even personally slighted—when receiving grades that challenge this identity.
Although we as instructors are aware of the complexities and contradictions of grading, we are also deeply invested in student comprehension of the course concepts. The grading system is one of the primary tools we must use to both measure and communicate our assessment of this comprehension. We encourage students to keep the following in mind when considering the dynamics of grading:
In Order to Grade Comprehension, Instructors Must See
Demonstration of Comprehension. Whether in assignments or in class participation and discussion, we must demonstrate understanding. Comprehension can be demonstrated in written, verbal, and active forms (such as presentations and projects).
Assessing our comprehension verbally is generally done through class discussions and question and answer sessions. However, assessing comprehension verbally can be challenging for instructors if students don’t speak up in class. For example, how many times have you witnessed your instructor posing a question to the whole class only to be met by silence? Looking out into a room full of students, most of whom are not responding, instructors are left to assume that these students cannot answer the question. Students sometimes say later that they did not respond because the answer was “so obvious” that it did not require a response. Yet how can our instructors know that we understand if we do not respond when questions are posed in class, even if the answers to those questions seem obvious?
Another common explanation for silence is that someone has already said what we were thinking. Yet from an instructor’s perspective, it is fine to repeat (or better yet, to build on) an idea that another student has already stated. No two people will say it exactly alike, and it is important to practice articulating these concepts in your own words in order to develop your critical social justice literacy. Any statement can be expanded, deepened, or in other ways supported. At the minimum, if students build on what others have said, instructors can gain a sense of how many students are thinking similarly, or struggling with understanding key ideas. This is valuable information for instructors in terms of assessing the collective understanding of the group as well as the comprehension levels of individual students. For these reasons, we encourage students to give some kind of verbal response when asked questions in class, even if it is to say that one does not know, is not sure, or only has a partial answer.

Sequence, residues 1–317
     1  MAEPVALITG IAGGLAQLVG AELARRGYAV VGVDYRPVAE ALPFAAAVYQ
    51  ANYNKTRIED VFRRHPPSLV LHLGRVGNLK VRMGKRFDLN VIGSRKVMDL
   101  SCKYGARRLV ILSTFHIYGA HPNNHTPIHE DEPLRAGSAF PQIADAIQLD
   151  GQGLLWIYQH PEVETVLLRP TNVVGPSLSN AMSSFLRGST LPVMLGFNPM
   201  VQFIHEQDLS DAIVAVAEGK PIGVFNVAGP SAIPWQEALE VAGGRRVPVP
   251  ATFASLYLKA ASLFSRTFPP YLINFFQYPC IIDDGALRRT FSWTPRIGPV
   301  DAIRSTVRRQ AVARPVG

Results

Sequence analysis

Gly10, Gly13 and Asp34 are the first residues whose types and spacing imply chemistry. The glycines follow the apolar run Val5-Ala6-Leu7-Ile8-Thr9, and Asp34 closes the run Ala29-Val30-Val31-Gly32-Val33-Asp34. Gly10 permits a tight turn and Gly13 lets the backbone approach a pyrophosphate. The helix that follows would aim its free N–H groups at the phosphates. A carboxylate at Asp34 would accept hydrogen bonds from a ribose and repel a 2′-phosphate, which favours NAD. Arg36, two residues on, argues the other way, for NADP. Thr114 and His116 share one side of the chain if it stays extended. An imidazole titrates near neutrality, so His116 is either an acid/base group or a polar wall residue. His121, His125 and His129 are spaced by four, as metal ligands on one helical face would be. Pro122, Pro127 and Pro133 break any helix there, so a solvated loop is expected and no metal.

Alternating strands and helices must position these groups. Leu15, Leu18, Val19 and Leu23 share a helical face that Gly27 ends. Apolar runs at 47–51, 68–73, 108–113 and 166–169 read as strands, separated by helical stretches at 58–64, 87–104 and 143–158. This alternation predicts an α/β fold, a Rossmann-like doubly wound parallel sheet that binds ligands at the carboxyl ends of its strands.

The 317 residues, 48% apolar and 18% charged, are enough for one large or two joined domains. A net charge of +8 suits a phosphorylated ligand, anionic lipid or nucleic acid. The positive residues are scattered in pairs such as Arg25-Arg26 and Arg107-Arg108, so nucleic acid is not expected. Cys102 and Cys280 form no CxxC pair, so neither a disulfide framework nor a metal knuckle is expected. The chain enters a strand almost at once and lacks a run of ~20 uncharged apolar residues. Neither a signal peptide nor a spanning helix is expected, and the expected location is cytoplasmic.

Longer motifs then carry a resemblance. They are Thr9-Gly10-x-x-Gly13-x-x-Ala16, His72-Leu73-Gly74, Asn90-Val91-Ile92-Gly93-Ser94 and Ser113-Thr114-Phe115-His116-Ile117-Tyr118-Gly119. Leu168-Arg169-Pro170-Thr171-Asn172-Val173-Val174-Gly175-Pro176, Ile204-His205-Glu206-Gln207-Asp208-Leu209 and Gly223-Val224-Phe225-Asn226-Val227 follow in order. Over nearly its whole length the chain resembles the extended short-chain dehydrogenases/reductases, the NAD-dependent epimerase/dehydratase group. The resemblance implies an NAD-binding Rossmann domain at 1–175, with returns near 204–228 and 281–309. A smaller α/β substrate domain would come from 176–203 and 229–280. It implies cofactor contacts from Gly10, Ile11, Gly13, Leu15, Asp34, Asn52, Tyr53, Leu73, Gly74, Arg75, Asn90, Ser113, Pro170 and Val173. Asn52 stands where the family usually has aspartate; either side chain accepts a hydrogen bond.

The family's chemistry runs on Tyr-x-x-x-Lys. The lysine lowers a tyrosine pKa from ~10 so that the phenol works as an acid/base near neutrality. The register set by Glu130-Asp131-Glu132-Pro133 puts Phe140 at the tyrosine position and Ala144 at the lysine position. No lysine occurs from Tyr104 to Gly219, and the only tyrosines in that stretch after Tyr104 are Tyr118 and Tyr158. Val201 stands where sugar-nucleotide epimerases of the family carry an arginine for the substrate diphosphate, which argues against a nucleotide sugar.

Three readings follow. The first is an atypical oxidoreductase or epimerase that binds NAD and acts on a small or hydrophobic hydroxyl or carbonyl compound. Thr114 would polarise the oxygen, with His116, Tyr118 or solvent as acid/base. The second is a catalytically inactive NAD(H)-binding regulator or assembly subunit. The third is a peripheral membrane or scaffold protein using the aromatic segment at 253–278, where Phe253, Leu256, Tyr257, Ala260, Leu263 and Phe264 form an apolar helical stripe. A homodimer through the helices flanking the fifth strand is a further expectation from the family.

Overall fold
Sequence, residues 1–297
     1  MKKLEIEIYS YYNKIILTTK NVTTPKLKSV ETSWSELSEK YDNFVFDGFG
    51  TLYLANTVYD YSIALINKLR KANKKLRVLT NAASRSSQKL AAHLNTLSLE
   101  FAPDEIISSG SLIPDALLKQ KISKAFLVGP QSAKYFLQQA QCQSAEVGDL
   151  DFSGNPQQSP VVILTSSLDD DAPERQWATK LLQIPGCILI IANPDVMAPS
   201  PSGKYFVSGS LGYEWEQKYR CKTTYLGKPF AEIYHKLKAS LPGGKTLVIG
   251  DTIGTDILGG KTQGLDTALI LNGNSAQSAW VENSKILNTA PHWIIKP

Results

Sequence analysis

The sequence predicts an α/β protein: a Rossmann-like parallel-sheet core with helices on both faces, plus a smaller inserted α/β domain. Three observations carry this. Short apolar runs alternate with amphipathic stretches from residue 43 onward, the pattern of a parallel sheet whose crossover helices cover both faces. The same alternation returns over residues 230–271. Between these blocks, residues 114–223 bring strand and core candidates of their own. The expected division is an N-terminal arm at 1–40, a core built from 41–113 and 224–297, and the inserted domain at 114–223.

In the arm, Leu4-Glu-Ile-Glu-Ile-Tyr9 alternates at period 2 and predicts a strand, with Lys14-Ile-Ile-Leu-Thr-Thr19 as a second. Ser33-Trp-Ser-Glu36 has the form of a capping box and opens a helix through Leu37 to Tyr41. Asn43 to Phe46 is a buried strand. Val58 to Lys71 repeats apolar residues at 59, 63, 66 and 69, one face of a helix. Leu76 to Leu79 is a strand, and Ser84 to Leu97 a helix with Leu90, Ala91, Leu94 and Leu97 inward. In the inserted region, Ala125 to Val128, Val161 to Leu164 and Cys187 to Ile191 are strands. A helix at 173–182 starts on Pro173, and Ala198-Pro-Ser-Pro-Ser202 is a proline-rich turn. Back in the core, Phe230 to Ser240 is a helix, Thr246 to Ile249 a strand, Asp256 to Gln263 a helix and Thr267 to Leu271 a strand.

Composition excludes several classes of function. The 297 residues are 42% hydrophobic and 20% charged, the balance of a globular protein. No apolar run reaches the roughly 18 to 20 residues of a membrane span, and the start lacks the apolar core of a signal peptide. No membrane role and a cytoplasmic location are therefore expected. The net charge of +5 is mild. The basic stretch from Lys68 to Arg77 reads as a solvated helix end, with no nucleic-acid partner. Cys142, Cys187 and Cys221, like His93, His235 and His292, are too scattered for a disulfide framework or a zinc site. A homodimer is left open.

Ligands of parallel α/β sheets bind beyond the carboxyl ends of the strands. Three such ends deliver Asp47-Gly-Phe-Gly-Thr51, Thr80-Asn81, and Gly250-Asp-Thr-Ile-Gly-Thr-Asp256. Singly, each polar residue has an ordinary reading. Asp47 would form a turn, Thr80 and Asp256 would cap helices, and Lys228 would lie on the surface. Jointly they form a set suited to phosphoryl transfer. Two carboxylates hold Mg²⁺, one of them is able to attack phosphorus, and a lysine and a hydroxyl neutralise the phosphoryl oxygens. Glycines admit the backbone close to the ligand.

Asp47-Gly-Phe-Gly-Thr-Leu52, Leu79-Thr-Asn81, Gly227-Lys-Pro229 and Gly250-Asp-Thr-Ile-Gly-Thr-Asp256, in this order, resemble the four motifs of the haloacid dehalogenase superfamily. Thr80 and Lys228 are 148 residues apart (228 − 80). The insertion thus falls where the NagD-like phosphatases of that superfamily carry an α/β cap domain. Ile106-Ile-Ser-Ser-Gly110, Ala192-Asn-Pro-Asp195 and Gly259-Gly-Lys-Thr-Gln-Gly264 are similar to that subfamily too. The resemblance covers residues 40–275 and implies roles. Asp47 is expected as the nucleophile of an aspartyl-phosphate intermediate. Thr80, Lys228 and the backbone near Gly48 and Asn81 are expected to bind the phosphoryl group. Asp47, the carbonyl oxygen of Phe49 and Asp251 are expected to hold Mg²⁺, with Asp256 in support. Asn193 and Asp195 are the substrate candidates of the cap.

In regard to demonstrating understanding in written work, we evaluate